I have very bad news for black people who like hip-hop, and I do extend my condolences: Hip-hop isn't cool any more.
How do I know? Because I've been listening to it.
Me—a vanilla, white-as-can-be, erudite, somewhat stuffy, perilously close to sixty-year-old male autodidact who, according to demographics, should be listening to nothing but Classic Rock and getting into arguments with my beardy friends about how Journey is underappreciated and whether the Stones can still access the true spirit of rock-and-roll now that they are all wizened little old men who resemble elves. I go bopping down the road in my Acura (really, I'm very sorry—not a hip-hop vehicle) with XM radio set to the "Backspin" station (subtitled "Classic Hip Hop"), the speakers pounding to Public Enemy, the Notorious B.I.G., Coolio's "I Remember" (aight!), Ice Cube's "It Was a Good Day," Dr. Dre, Lil Wayne's "How To Love," OutKast, Salt N Pepa, Geto Boys...you get the picture. Love it, love it.
You will be relieved to know that, as I drive, I am not puffing on my bubonic chronic or sipping on gin and juice.
But I have taken to referring to A Tribe Called Quest as "A.T.C.Q." Again...so sorry.
Elijah Wald's book How the Beatles Destroyed Rock 'N' Roll has a startlingly cynical title, faux-provocative for purposes, apparently, of marketing—the book is an iconoclastic history of American popular music and how it was played, written, recorded and disseminated over the years, and has nothing at all, or very little, to do with the Beatles or their alleged destruction of anything. Anyway if memory serves, I think it was How the Beatles Destroyed Rock 'N' Roll in which I read the thesis that the pattern of American music is for black music to be in the vanguard, only to become popular with white people thirty years later, by which time black music has moved on. Not sure if that's true, but I appear to be one data-point in favor of the theory.
All this is a long and wholly gratuitous preamble to mentioning "Don't Fall Asleep," featuring tracks from Wechsel Garland, DJ Shadow, Eric B. and Rakim, Irresistible Force, Freakniks and more. DJ KK has been on a hot tear recently, with new mixes seemingly every other day. Wonderful, wonderful mix, with much to love and more to listen for. Possibly especially if you are anything like me.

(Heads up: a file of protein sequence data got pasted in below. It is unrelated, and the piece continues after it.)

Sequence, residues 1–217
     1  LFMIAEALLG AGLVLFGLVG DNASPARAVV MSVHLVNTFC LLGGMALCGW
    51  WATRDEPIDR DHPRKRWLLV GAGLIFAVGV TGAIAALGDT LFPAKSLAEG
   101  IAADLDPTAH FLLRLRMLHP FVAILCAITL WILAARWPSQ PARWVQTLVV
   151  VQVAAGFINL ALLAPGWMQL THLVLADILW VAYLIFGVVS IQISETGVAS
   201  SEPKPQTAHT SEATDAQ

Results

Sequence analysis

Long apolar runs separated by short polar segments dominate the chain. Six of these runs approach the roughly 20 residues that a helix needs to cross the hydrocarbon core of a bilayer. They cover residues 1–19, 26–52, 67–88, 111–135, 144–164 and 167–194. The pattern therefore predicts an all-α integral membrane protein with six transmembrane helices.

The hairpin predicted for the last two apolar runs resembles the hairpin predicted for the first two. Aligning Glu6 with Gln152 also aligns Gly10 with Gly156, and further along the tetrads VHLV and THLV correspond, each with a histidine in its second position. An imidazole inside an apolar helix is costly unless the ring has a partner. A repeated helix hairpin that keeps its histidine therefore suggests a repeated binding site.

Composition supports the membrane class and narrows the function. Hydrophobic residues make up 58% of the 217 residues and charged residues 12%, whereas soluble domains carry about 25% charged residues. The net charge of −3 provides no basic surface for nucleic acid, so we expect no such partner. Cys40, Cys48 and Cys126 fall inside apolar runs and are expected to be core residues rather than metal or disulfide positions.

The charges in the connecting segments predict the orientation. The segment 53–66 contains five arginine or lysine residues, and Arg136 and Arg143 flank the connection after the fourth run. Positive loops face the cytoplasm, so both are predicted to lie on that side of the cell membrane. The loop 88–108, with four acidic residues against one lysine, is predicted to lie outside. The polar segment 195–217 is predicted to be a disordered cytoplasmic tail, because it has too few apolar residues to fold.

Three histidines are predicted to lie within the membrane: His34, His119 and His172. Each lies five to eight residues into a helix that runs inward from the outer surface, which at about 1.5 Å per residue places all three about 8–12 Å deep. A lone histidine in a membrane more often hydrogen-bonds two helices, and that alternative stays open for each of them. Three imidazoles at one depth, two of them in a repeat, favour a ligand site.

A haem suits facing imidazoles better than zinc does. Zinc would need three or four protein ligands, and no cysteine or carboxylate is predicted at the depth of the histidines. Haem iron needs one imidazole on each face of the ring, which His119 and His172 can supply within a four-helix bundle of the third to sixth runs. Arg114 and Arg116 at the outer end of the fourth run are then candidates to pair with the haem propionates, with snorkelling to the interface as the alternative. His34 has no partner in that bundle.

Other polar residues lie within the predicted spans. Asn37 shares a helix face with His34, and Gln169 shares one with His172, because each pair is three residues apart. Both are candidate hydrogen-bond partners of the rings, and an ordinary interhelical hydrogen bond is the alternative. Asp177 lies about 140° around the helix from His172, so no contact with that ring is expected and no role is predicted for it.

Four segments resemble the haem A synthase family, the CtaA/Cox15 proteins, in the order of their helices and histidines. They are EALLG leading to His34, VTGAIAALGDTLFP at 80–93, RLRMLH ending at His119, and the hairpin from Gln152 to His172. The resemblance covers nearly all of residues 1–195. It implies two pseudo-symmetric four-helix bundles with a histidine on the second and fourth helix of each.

Full disclosure, I actually did go to sleep halfway through "Don't Fall Asleep." But it didn't put me to sleep; it's just that, the older I get, the earlier I have to go to bed. LOL!
(Props to KK)
"Open Mike," which is meant to appear on Wednesdays, is the off-topic, anything-goes page of TOP, written by Yr. Hmbl. Ed.
Original contents copyright 2016 by Michael C. Johnston and/or the bylined author. All Rights Reserved. Links in this post may be to our affiliates; sales through affiliate links may benefit this site.
(To see all the comments, click on the "Comments" link below.)
Featured Comments from:
Del: "Mike. I fear the deep end is near. Better strap on a Mae West!"
Ken James: "I Respect hip-hop. That said, maybe you could combine your pool and hip-hop posts. I am smiling Mike."
David Raboin: "Speaking of hip-hop, every color photographer needs to watch the Netflix series 'The Get Down.' My wife and I just finished watching it and I was blown away by the visuals. Baz Luhrmann, the director, is a master of color. There's one episode where a pink shirt almost becomes a lead character. In that episode, every set has a color pallet that plays off the pink shirt, even blurred out street signs in the distant background, it's amazing.
"'The Get Down' was the prettiest and most visually interesting eight hours of TV I've ever watched. Some reviews complain that 'The Get Down' is a mess, but I think the show's creators where trying to create a hip hop fairy-tale. To enjoy the show you've got to accept that it's over-dramatized for a reason. Or, if you're a photographer, just pay closer attention to the color palette than the story."
Joe Holmes: "Hip-hop used to do nothing for me (though in the 90s I'd sometimes buy a 12" hip-hop EP and play the instrumental side), but lately I've gotten just where you're describing—old school hip-hop now sounds so good to me. It feels like pure energy.
"Recommended: the movie 'Straight Outta Compton,' especially if you can still find it in a theater (unlikely). It gets sappy in the last third, but until then, it just kills."
Stan B.: "Last post I ever expected to see here—and I do mean last...."